BELOIT—In case you missed it, Tuesday’s edition included a list of the top 11 Beloit Memorial High School defensive players I’ve seen while covering the Purple Knights on a regular basis since 1980.
Today it’s the offense’s turn. The rules are simple. I must have seen the player in action and I’m picking 11 players, not strictly by position. Considering the run-heavy decades of offensive football, don’t expect to see many wide receivers. (OK, none).
When the Knights were at their best, contending for Big Eight championships and playoff appearances in the 1980s and 1990s they were a ground and pound attack blessed with outstanding running backs. Some of the players who aren’t making this list were All-Big Eight First Teamers and two are among my favorite players ever.
Heading the team is the same guy who was No. 1 on defense, Darius Jones (1997-99). In 1999 he was not only the Big Eight’s Offensive Back of the Year, he was also its Linebacker of the Year.
Jones finished his career with 2,606 yards in total offense and is the all-time rushing leader with 2,445 yards on 356 carries. He scored 25 touchdowns and 164 points.
• The running back stable includes Jon Dupuis (1996-97), who was simply a human wrecking ball. John Heineke called him his “search and destroy fullback.” Dupuis rushed for 1,932 yards for his career for No. 2 on the all-time list, earning All-State honors in 1997.
• Next up: Duane Jenkins (1987-88), who was built like Bo Jackson and did a pretty good impersonation of him on a football field. He was Big Eight Player of the Year in 1988. rushing for 1,600 yards.
• Like Jenkins, Jeff Stovall (1990-91) was fast and powerful runner and rushed for 1,086 yards as a senior. The Player of the Year in the Big Eight, Stovall was also First Team All-State. He scored 17 TDs and 104 points for the 8-2 Knights, then went on to a distinguished career at Northern Iowa.
• Tim Wofford (1980-81) was the “Lightning” to Fred Lockhart’s “Thunder” on the 7-2 1980 Big Eight champions. Injuries held his numbers down a bit, but Wofford was a terrific runner with breakaway speed who had 1,579 career yards rushing. He went on to play receiver at Western Illinois and only injuries prevented him from an NFL career.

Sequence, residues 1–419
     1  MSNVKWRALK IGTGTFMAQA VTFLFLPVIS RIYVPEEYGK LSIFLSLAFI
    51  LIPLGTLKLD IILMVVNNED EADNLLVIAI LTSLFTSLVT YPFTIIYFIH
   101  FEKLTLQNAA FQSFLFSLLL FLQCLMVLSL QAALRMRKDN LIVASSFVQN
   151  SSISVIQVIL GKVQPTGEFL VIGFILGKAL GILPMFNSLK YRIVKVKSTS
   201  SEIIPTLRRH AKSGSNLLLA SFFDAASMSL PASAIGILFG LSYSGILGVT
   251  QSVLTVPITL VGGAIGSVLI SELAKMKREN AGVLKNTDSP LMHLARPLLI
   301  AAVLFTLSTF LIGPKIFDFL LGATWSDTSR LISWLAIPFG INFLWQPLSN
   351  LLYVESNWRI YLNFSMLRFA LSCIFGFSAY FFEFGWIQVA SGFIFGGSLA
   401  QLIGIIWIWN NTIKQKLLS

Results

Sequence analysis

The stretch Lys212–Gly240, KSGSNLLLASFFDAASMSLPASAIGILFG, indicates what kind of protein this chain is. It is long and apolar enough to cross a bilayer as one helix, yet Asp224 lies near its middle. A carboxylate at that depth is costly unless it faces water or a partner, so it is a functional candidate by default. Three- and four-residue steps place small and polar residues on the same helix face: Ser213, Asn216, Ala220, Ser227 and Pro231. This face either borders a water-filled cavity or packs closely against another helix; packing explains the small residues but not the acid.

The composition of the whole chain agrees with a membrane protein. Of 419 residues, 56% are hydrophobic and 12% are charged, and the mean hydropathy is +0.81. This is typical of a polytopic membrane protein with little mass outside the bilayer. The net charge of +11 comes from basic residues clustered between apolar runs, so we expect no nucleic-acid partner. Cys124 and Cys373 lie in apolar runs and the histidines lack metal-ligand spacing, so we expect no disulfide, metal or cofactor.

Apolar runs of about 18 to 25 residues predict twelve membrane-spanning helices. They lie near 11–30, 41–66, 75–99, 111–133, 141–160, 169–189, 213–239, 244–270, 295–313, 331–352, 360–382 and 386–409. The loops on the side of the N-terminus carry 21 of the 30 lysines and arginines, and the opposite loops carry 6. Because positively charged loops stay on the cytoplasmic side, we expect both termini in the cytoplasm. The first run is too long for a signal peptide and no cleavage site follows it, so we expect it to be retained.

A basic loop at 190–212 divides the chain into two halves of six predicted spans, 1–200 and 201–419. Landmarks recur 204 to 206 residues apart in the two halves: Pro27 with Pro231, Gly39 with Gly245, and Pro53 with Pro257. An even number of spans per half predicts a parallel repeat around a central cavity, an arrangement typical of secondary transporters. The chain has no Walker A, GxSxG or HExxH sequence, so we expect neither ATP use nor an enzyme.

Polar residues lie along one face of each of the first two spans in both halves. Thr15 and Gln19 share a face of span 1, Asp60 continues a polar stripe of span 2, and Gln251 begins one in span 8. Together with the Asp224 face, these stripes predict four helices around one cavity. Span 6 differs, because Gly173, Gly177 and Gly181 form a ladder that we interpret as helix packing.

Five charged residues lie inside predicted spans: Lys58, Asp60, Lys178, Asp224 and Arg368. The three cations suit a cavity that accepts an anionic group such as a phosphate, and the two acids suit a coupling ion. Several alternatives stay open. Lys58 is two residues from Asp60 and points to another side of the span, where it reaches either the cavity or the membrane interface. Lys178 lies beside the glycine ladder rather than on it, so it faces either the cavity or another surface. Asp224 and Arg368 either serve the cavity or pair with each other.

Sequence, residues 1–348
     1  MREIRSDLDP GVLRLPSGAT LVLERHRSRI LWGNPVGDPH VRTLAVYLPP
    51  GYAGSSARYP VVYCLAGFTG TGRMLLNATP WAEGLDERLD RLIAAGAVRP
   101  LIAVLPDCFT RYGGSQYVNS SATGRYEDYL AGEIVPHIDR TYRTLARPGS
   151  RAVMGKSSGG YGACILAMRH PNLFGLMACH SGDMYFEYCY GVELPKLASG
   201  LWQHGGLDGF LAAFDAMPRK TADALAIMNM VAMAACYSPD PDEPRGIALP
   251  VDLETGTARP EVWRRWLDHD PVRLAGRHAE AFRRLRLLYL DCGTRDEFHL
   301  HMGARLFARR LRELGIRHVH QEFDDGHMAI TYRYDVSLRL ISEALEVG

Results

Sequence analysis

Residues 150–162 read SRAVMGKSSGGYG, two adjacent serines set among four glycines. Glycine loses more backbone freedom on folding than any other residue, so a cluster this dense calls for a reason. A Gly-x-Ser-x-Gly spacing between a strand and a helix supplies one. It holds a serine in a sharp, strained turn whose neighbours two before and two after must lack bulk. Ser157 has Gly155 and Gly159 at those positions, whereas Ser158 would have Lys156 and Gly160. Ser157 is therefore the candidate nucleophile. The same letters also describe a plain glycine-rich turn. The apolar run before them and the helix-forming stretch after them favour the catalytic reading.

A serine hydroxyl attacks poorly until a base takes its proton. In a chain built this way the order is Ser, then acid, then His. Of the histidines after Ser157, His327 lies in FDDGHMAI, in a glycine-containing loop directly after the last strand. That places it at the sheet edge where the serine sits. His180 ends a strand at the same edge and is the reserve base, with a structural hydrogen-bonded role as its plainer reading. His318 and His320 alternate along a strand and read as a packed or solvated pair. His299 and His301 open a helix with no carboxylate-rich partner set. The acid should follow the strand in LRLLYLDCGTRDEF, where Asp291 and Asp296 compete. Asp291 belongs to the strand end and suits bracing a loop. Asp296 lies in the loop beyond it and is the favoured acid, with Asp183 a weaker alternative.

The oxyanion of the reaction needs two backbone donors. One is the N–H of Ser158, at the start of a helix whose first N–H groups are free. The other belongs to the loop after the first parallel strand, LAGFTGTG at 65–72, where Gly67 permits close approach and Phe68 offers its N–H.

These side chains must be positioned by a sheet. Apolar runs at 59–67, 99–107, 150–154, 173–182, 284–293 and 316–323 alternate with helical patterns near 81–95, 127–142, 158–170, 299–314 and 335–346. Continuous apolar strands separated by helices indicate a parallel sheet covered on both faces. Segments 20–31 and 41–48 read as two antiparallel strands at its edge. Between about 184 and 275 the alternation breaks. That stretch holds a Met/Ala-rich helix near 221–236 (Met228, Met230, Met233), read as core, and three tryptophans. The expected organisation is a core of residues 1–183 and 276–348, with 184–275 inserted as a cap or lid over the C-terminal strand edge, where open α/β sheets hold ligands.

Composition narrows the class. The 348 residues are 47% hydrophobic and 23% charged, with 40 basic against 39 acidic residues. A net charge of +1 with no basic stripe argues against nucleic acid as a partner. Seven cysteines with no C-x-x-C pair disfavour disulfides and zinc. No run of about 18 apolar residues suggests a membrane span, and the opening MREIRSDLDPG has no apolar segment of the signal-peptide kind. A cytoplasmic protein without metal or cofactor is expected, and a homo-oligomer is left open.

I drew the line for running backs at five which left off two favorites: Jim Boatner (1990-92) and Jeremy Kelsey (1992-93). Boatner didn’t fit the fullback profile Heineke loved, but he had to rework his offense for the elusive speedster who gained 1,526 yards in 1992 and 1,883 for his career. Kelsey was a power back and a gutsy three-sport athlete who was a slugger in baseball and a starting goalie in hockey. He rushed for 1.338 yards in 1993.
• OK, back to the list. The Knights couldn’t do all that running without guys in the trenches doing the heavy lifting. I’ve got five on the list: Jim Lewis (1979-80), Dan Niedfeldt (1986-87), Tim McKinley (1992-93), Jeremiah King (1996-97) and Chris Terwilliger (1993-94). They were all big, powerful, angry and remarkably agile for their size.
Lewis helped the 1980 team rush for 1,993 yards and showed his athleticism by being one of the school’s all-time best shot put and discus throwers. Niedfeldt (1986-87) was a two-time All-Big Eight and All-Area tackle at 6-1 and 250 pounds.
“Mountain” McKinley (1992-93) was 6-3 and 251 as an All-Big Eight lineman his senior year, but he grew a tad larger as a starter at Mississippi Valley State. He earned honorable mention to the WFCA All-State team.
King, 6-foot and 285, was a two-time All-Big Eight First Team tackle and “Chief” was an All-State player in 1998.
Terwilliger earned First Team All-Big Eight as a senior and his blocking helped fullback Darius Morrow land on the First Team. Terwilliger was just the kind of blocker Beloit College’s Ed DeGeorge loved to see in his Wing-T.
• As far as picking quarterbacks, the Knights of old never were really looking for Joe Namath. Heineke’s successor as head coach, Mark Anderson, once said, “Gauging a quarterback by the number of yards or touchdowns he’s passed for isn’t right. The measure of a quarterback is leadership.”
The Knights had plenty of strong and resourceful leaders at the position and one, Matt Mabie (1980), even successfully walked on at Wisconsin. For this list, I’ll take Steve Makinen (2014-16.)I wish the UW-Oshkosh recruit had the opportunity to play with, say, the 1999 bunch. He gets my vote after throwing for over 3,000 yards and 26 touchdowns during his career. His coach, Rodney Wedig, considers him one of the best players he’s coached, saying “He was a very tough young man that brought stable leadership to the program.”
Yikes, that’s 11. A couple of bonus picks could be a kicker and return man. As for kicker, I think Jon Gutierrez had the biggest leg and kicked five field goals, but Chris Burt and David McCrea were also both All-Big Eight and contributed some clutch kicks.
For a return specialist I’ll go with Michael Lewis (1995-96), a University of Kansas recruit who would have made this list at running back if he hadn’t injured his knee the first half of the 1996 season opener against LaFollette. He already had 154 yards on 13 carries by that time. Great vision, great balance and great speed described Lewis, who as a junior had a 71-yard punt return and kickoff returns of 80 and 91 yards.
To all the terrific Knights out there I didn’t pick, well, when this is all over let’s have a beer and you can explain to me why I’m such an idiot.